In the final portion of my three-part series, I will address the JSC role in amending the UCMJ, or other relevant statutes.  The process is similar to preparing an Executive Order (EO) except that there is no public notice requirement.  I presume this is because the JSC product is merely a proposal, vetted by the Services and DoD, and forwarded to the House and Senate Armed Services Committees (HASC and SASC), where the proposal will receive its full public notice.  I will talk about the UCMJ process, and at the end about the new 2012 MCM that will be shipped TOMORROW to most locations.

In January each year, the JSC solicits proposals to update the MCM, as discussed above.  Some of those proposals require amendment of the UCMJ.  It is safe to say that proposals to amend the UCMJ are submitted by various people throughout any given year, and each proposal is vetted by the JSC, as explained in part two of this article.  Once the JSC has researched and voted to approve a statutory amendment, the JSC provides the proposal to DoD General Counsel.

JSC proposals to amend the UCMJ are generally requested in January or February each year, to be incorporated in that year’s National Defense Authorization Act (NDAA).  After the proposal has been submitted, the JSC has little role in the Congressional process of hammering out the final NDAA.   In fact, many changes occur during “conference” when the HASC and SASC sit together to finalize the NDAA, and it is during these times when some minor edits are sometimes made to JSC proposed language.  There is a rumor (un-researched by me) that it was one of these conferences that resulted in the 2007 Article 120 burden-shift.

Sometimes the HASC or SASC will propose a UCMJ amendment on their own.  This happened last year when there was a proposal to create a statutory “victim advocate-victim privilege.”  It appeared as though the statutory rule of evidence had legs and was going to be added the FY12 NDAA, which would have created an anomaly in our rules.  All rules of evidence would be promulgated by the President, except for the victim advocate privilege.  Updating a statutorily created rule of evidence would be exceptionally difficult – it would take an act of Congress, literally.  In an effort to demonstrate to Congress DoD’s resolve to better protect victims, and to prevent the first ever statutorily created rule of evidence, MRE 514 was quickly added to the pending 2011 EO (without public comment, a topic we can discuss more in depth later when Spilman brings it up again…[thx for delaying your question last time].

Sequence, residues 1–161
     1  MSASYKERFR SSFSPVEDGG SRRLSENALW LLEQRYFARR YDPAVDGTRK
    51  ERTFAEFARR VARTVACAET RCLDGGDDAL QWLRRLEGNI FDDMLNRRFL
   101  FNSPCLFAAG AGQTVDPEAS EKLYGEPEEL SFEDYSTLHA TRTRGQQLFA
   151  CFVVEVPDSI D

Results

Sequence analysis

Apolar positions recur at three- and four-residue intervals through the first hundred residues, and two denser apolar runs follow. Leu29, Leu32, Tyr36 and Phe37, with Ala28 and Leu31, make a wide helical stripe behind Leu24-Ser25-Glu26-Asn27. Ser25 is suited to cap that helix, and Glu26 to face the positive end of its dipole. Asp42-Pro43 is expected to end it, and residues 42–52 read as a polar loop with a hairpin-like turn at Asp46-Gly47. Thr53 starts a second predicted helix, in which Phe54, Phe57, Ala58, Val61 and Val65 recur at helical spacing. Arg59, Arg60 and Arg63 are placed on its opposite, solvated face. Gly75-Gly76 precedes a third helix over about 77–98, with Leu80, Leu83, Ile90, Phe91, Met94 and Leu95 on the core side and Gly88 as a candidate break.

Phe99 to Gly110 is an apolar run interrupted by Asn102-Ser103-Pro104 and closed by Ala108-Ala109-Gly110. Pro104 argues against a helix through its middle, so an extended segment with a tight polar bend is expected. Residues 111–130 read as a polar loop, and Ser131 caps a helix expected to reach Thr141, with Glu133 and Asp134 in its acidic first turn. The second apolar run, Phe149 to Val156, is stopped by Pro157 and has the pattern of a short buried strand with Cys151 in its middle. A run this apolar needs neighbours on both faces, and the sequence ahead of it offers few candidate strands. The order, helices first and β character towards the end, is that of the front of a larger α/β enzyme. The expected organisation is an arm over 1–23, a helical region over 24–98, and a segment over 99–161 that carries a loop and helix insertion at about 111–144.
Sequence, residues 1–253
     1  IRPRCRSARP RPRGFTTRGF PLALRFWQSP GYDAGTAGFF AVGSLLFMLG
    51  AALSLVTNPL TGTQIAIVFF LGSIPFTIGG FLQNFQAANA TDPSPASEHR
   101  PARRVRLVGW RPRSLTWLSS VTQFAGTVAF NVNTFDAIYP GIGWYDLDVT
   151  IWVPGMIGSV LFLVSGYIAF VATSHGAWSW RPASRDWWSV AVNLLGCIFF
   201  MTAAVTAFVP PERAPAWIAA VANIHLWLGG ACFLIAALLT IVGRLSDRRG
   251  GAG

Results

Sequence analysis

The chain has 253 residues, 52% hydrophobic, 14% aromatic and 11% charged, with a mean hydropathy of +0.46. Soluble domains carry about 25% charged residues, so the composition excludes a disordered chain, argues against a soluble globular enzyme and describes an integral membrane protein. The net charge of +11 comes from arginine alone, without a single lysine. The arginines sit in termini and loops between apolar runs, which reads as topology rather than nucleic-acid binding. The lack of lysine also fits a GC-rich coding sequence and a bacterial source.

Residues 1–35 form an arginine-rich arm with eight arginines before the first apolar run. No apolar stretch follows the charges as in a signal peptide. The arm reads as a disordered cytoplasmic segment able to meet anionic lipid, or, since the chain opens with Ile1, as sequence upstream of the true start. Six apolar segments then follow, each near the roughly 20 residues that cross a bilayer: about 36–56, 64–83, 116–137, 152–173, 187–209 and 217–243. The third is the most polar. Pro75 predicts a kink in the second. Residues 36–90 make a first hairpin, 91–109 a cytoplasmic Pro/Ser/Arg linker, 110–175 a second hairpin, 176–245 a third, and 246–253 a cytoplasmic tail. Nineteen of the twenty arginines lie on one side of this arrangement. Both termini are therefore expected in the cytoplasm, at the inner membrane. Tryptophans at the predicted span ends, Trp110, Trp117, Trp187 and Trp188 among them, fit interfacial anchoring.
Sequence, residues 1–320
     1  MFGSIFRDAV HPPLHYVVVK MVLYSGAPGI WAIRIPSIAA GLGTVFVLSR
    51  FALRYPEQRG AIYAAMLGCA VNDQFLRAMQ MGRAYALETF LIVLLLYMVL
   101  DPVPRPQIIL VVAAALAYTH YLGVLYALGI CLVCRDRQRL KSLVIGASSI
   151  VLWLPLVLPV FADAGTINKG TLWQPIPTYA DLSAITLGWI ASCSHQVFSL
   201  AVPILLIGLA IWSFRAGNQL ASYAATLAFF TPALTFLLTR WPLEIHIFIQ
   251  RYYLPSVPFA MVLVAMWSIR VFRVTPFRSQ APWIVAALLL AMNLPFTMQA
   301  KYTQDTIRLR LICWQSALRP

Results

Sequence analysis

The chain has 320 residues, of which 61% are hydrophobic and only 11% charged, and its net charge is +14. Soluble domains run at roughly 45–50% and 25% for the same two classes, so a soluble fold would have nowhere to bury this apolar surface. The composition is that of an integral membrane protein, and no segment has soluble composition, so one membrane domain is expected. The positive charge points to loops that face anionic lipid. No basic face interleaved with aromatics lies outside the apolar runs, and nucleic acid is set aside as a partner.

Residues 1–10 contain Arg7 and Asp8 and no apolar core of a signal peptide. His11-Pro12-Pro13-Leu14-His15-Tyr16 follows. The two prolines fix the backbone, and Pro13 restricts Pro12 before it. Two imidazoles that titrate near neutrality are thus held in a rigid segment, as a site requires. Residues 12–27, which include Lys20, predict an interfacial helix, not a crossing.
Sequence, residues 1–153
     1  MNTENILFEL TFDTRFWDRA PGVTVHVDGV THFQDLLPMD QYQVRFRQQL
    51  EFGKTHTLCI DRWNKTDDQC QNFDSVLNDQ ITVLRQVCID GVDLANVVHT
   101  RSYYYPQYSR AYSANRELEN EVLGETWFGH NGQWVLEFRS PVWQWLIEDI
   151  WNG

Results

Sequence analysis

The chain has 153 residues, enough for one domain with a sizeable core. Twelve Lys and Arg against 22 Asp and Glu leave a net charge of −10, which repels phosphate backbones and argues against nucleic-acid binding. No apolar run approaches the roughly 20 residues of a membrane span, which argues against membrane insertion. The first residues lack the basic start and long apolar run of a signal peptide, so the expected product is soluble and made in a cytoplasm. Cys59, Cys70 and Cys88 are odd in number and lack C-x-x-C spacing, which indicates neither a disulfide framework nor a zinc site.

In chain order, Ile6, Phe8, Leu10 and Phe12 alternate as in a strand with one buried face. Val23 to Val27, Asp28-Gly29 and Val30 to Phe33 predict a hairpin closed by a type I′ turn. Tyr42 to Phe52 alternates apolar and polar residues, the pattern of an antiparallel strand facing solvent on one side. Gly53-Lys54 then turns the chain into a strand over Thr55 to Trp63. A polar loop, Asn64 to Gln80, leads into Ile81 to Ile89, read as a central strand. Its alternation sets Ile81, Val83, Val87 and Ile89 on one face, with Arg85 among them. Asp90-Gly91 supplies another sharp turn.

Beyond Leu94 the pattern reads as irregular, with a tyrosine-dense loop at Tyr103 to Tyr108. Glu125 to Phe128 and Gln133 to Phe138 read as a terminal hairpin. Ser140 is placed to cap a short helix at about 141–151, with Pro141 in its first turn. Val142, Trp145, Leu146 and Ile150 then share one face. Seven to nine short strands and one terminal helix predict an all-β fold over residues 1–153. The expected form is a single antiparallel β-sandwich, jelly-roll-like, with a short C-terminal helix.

This happened again this year when there was a proposal to amend the UCMJ to withhold all sexual offenses to the GCMCA level.  You can imagine the repercussions from such an amendment, which is why DoD stepped in and created a withholding policy to the SPCMCA level.

As a procedural matter, UCMJ amendments can come from any person or entity at any time, and it is up to the HASC and SASC to decide whether to add the proposed amendment to the NDAA.  Like any other bill, amendments are added, dropped, and shaped along the way.

Finally, the JSC plays a minor role in shaping UCMJ amendments by responding to Congressional members and staffers, either directly or through legislative liaisons.  The JSC has appeared twice before members of the HASC in the last year, and individual JSC members have responded to queries from the Hill for various reasons, but mostly related to sexual assault initiatives.

I have written about the JSC’s purpose and how it updates the MCM and the UCMJ.  My comments are my own and are based on my understanding of DODD 5500.17.  I am happy to write more about the JSC, and I encourage questions, and even snarky comments – speaking of which…

The 2012 MCM will be shipped tomorrow to most locations.  There are subsequent ship dates, but all will be sent by the end of July.  Many of you will have MCMs in your hands by the end of the month.  For the Army, the bulk of the MCMs go to a warehouse in St. Louis and are subsequently shipped to the various installations (so it may take a little longer to arrive).   I am already beginning the 2013 update; so I request your comments and feedback.  Those of you who get the spiral, what do you think?  What about the paper, and the material used for the cover (it’s plastic).  Also, please send any corrections.  My email address is: c.kennebeck at AKO.  Thanks.  C

3 Responses to “The Joint Service Committee on Military Justice – Part III”

  1. LNC says:

    Can you (or anyone) tell me how one goes about ordering a copy of the MCM? In the 10 years i’ve been with the JAG Corps, no one has been able to tell me how. There’s no National Stock Number associated with it to be able to order one through regular supply channels.

  2. Chris Kennebeck says:

    Please send me an email to my AKO address, and we’ll figure it out.  The Navy does add a number to their manual for such purposes, but the other Services do not.  The MCM is unique in that its distribution is managed by JAGs for the most part – not a centralized system.  I would bet that you could find it on Amazon (you can find the 2008 version there), but there are better ways.  The bottom line answer is:  you get your MCM from your JAG office.  However, that doesn’t work so well when you are not in a regular JAG office, or if your particular JAG office doesn’t order enough copies (which can also be corrected).     

  3. WaLegal says:

    Army can purchase it through the Army ordering system APD, based on the PIN 030567, one of the codes on the last page of the MCM (when it isn’t being updated, its available under the MISC 27-7) – https://ptclick.hqda.pentagon.mil/index.aspx. Personally used this while downrage without any issue.